Assessing Kyril Louis-Dreyfus' latest boardroom move at Sunderland and the surprise return of Juan Sartori
At the end of their first meeting with the supporter collective, Sunderland's new executive team (including Kyril Louis-Dreyfus) set the date for their next meeting (Tuesday May 11th).
In the grand scheme of things this may have appeared to be a largely inconsequential detail, but given what came before it was a reassuring move.
In the latter days of the Madrox era these meetings had been halted entirely. There had not been since July, an acrimonious summit that would lead to Stewart Donald standing down as Chairman, his position untenable.
The resumption of structured dialogue in the aftermath of Louis-Dreyfus' arrival represented a welcome commitment to professional engagement, and on Thursday there was a signal of why this would be so important.
Louis-Dreyfus announced four new appointments to the club's board, and for the most part they reflected the control he now has over the club.
Steve Davison, the club's Chief Operating Officer, has been appointed director. An obvious move, given the size of the day-to-day remit he has been given. In the appointments of
Davison and Kristjaan Speakman, Louis-Dreyfus had quickly moved to address the muddled and often woefully sparse management structure that came to define large parts of the Madrox tenure.
Perhaps least surprising was the appointment of Louis-Dreyfus' twin brother, Maurice.
It was a move mooted even before the takeover was confirmed, and the strong relationship between the pair has been obvious even from a distance.
Maurice has been a regular on Wearside, and has travelled with his brother all over the country as they were initiated in the unique footballing climate of League One.
The 24-year-old has clearly caught the bug. Not so long ago, he took to his instagram story to toast Aiden McGeady's continuing fine form, a nod to the fact that he has kicked every ball alongside his brother.
Kyril Louis-Dreyfus had already moved to strengthen his support network in February, appointing Igor Levin and Patrick Treuer as directors.
The latter was at Wembley as Sunderland lifted the Papa John's Trophy in March, and as CFO of the Louis-Dreyfus company is clearly a trusted confidante.
Levin, meanwhile, is the family lawyer who had a significant role during the their tenure at Olympique de Marseille.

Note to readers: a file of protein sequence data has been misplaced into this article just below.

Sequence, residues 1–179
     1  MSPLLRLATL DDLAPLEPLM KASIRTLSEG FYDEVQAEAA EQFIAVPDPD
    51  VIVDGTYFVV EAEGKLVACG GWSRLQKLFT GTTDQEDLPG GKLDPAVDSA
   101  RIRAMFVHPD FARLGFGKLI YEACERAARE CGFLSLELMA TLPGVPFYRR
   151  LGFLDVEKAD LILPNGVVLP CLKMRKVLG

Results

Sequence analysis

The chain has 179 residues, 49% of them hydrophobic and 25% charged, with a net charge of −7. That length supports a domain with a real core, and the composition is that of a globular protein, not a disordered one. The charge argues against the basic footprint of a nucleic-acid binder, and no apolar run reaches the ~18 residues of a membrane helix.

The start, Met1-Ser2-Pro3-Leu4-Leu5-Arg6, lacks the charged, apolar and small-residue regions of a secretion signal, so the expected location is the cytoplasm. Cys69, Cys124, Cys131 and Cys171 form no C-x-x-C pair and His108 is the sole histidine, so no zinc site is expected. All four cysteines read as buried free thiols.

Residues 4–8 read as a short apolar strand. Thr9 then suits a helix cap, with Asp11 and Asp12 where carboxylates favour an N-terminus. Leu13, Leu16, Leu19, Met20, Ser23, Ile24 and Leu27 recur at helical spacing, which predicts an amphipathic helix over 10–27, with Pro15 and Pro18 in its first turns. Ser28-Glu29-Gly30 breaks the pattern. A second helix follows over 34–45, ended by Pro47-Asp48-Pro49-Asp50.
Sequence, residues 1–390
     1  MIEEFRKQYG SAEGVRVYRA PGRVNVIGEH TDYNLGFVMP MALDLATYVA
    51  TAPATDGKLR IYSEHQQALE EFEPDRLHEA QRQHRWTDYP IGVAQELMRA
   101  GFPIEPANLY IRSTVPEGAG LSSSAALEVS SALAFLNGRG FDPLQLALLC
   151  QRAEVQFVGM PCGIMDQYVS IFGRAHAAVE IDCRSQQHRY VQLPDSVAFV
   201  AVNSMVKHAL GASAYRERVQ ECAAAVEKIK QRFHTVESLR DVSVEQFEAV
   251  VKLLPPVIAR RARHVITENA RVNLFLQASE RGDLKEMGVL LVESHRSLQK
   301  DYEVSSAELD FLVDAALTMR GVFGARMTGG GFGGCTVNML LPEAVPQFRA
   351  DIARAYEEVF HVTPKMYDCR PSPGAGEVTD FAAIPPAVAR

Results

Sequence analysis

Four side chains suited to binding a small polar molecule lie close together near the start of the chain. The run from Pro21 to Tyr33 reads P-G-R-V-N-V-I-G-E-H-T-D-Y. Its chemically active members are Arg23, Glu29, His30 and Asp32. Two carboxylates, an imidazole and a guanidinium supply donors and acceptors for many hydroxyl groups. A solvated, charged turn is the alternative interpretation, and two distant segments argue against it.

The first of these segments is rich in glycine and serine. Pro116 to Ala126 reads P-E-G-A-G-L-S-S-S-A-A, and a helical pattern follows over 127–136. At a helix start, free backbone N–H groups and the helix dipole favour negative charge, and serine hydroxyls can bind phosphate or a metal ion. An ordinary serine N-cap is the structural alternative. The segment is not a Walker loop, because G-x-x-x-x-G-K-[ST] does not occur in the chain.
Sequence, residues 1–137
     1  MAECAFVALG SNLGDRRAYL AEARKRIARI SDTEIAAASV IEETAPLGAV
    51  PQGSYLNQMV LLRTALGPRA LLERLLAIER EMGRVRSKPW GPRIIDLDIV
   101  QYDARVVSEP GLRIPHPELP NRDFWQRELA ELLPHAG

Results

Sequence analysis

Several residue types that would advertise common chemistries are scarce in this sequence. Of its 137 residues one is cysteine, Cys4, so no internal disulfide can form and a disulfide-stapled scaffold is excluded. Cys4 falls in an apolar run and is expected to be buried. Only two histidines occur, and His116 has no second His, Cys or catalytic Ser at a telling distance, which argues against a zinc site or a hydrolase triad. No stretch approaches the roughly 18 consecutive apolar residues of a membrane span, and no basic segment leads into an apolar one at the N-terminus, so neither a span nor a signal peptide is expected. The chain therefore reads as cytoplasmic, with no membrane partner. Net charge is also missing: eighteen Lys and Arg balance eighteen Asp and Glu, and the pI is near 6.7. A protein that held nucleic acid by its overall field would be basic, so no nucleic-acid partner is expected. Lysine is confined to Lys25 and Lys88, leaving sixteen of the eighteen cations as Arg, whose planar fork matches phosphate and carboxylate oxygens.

Consider, too, that the presence of Louis-Dreyfus himself has far surpassed what anyone might have expected when the news first broke that he was leading a takeover bid last year.
He has relocated to Wearside and has been away for the club for only the briefest of spells since the deal was closed. Signs of his influence and commitment have been constant.
The point here is that this is a club now firmly in Louis-Dreyfus' image. At boardroom level and on a day-to-day basis, he is without question the club's crucial figure in decision making.
His early months in charge have seen investment in key areas of the club, both in the obvious financial sense but also in the level of care and attention with which historic shortcomings have started to be addressed.
Promotion or otherwise, it is hard to understate the extent to which it feels as if the prospects for the club have been transformed from a year ago.
The rebuilding challenge remains vast all the same and so the appointment of Juan Sartori came as something of a surprise.
Of course, a relationship between the new regime and the old is a must when the latter retains a shareholding in the club.
Louis-Dreyfus himself alluded to this in his opening address to supporters, recognising that they will continue to support the club even if he is in control.
And for all Sartori clearly has close ties to the Madrox regime, his background tells you that there may well be a long-standing relationship (or at least a rapport of some sorts) with Louis-Dreyfus.
The same could be said of the fourth appointment to the board, Simon Vumbaca, who represented Madrox in their acquisition of the club but also has extensive sporting experience in his career as an international litigator.
There can be no rewriting history, though, and Sartori's presence as a shareholder through one of the worst periods in the club's history means he is partly accountable for it.
To what extent he was a key architect or relative bystander may be contested, but he was part of a regime that stood in its eventual actions as the opposite of the vision that Louis-Dreyfus has outlined.
His role (or lack of) was also at the heart of the complete collapse in trust between the regime and the fanbase. The Uruguayan came to act as a metaphor for the gap between what they were told their club would look like, and what it so clearly was.
As they were told their club was on the path back to where it belonged, they watched it drift ever further away. As Sartori was regularly put forward as being set for a more active role, fans watched as his political career in Uruguay grew at pace.
Sartori may not have been part of Madrox's initial acquisition of the club, but last week's accounts also underlined that the repayment of parachute payment money is an issue which appears to be far from settled.
Sartori remains the enigma at the heart of a troubled time for the club, and his presence will undoubtedly raise some eyebrows.
That does not and should not be any impediment to Louis-Dreyus' progress at the club.
In his actions he will demonstrate the extent to which he will address Madrox's legacy, and so far the progress has been immensely encouraging.
In his (or from those of his executive team) words, he can also continue to demonstrate why this is a club moving in a very different direction.
Dialogue and transparency are the key. With that, he can move the club forward with genuine excitement for those watching on.